Volume IX, No. 1, Fall 1981




IT'S A LOST ART

FARRON ATKINS EXPERIENCES AS A RAILROAD TELEGRAPHER


Several people sat in the waiting room of the railroad station. The heat of a summer afternoon could be felt everywhere. A couple of women fanned with cardboard fans which advertized the local funeral home. A small child sleeping on the slats of the wooden bench stirred slightly as a fly landed on his face. His mother waved it away and it flew through the open door to the brick platform outside. Two railroad employees went about their duties behind a long counter. The faint clicking of the telegraph could be heard in the background. Suddenly the telegrapher walked swiftly to the telegraph equipment. The faint clicking became a sharp clickety-click. The telegrapher swiftly copied the message on a piece of paper. When the message ended, he walked into the waiting room and went to a large board showing the train schedule. Several columns showed the expected and actual arrival times of the trains. In the column beside the 3:45 p.m. train, he chalked in 5:10. As several people grumbled, he turned and said, "Sorry, folks! There has been a delay on a section of the track about forty miles down the line."

A scene from an old movie? No, a scene from the Lebanon railroad station in the 1940s when Farron Atkins was a telegrapher for the railroad. Farron began when telegraphy was used extensively by the railroad, but during his career he saw the use of telegraphy decline to nothing as it was replaced by more advanced methods of communication.

During the late 1800s and early 1900s just as people used trains as their primary means of transportation, the railroad companies used the telegraph as their primary means of communication.

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The telegraph was the first invention which greatly speeded up man's communication. Before the invention of the telegraph, messengers were the most reliable means by which men could communicate with each other from a distance.

Although several men in England developed types of telegraphs, Samuel F.B. Morse is credited with the invention of the telegraph used in America. His system was based on what is called the Morse Code, a system of dots and dashes, sent by electrical impulses over a wire to a receiving point where they were deciphered into a message. Morse secured his patent in 1840. However, it was 1844 before the first test line was constructed. On May 24, 1844, Morse sent his first message by telegraph--"What hath God wrought."

By the late 1800s telegraphs were in widespread use in the United States. Telegraphs were used by newspapers, private businesses, and especially by the railroads.

In the 1900s as technology improved other sources of communication such as the telephone and teletype, the telegraph's importance diminished. It remained in use, however, by the railroads for many years.

Farron Atkins was a telegrapher for the Frisco railroad for thirty-eight years. His first job was at a small station where the telegraph was the only method of communication. "Telegraphy was used for the movement of trains, copying train orders and sending messages,'' Farron explained. "The reason the telegraph was used was that it was the most reliable and safest communication we had. There are too many things that sound alike over the telephone.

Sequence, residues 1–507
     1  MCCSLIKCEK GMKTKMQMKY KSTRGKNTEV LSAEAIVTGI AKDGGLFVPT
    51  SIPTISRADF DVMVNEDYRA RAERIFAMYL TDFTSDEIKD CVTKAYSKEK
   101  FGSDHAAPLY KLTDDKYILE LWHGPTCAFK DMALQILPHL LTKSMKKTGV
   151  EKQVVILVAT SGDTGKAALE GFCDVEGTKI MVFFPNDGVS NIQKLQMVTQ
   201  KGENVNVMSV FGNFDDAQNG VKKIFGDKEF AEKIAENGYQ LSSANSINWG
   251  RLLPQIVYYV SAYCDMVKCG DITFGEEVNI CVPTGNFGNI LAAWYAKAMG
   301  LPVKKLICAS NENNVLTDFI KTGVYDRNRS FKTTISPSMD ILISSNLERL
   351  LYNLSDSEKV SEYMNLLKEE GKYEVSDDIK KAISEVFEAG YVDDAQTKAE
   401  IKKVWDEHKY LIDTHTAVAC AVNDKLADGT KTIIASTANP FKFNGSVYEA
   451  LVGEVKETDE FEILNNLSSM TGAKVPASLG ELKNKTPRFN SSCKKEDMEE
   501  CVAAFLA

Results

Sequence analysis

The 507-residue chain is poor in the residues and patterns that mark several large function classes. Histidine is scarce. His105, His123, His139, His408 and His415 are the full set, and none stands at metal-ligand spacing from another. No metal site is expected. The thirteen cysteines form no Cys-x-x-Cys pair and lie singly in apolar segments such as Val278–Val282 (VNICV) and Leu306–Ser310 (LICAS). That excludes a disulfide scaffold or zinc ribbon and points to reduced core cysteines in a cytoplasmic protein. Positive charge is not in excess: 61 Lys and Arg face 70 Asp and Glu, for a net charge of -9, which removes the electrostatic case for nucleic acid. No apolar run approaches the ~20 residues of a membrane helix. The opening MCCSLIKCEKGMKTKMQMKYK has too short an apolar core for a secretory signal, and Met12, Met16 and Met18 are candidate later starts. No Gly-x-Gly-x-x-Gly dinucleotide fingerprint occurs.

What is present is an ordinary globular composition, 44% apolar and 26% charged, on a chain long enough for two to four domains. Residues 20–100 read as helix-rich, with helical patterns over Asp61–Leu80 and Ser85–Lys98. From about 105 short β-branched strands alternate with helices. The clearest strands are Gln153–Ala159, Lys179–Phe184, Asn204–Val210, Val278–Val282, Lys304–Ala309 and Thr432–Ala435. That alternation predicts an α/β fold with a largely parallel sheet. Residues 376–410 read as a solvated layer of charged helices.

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When they started out, they didn't have telephones, they just had telegraphs. During my lifetime, they always had telephones. You could call your messages."

THE TELEGRAPH WAS A FAMILY TRADITION

I grew up with the telegraph. My father was a telegrapher and my mother had two sisters and one of them married a telegrapher. My grandfather was a telegrapher and he was killed by a train. My grandmother then married another telegrapher. At one time they were all at the same station which had three different tricks. Each man worked a separate trick. That was one of the first places I can remember. My grandmother's brothers and sisters were either telegraphers or married to telegraphers--all but two. My father was the only telegrapher on that side of the family. It was kind of a family tradition.

I started to learn when I was about ten or eleven years of age. When I was learning how, I believe we had three houses that we had a telegraph line hooked to. It was very reliable and we didn't have much problem. All you had to have was a good metallic circuit or a good grounded circuit and a battery on it, and it worked.

I really didn't get serious about it till I was a little older. I was about twenty-one when I became a telegrapher--I didn't really intend to make it my profession but fate just turned out that way. I enjoyed it very much.

When I first started work as a telegrapher, I worked extra for the pipe line division of the Gulf Oil Company. I also worked for the railroad company as an extra telegrapher at the same time. Gulf Oil had a telegraph line that ran from Houston, Texas, to the East. I made the decision that I would stay with the one that gave me a regular job first, and the railroad was the one. I'm glad because the oil company did away with the telegraph several years before the railroad.

Before the railroad hired you they gave you an examination. They expected you to carry on your work with a reasonable speed. They were very strict. Most of the people, when they were first starting out, were very slow on the telegraph, didn't have anything to do with your ability. You could work for Western union or the oil company and still be color-blind.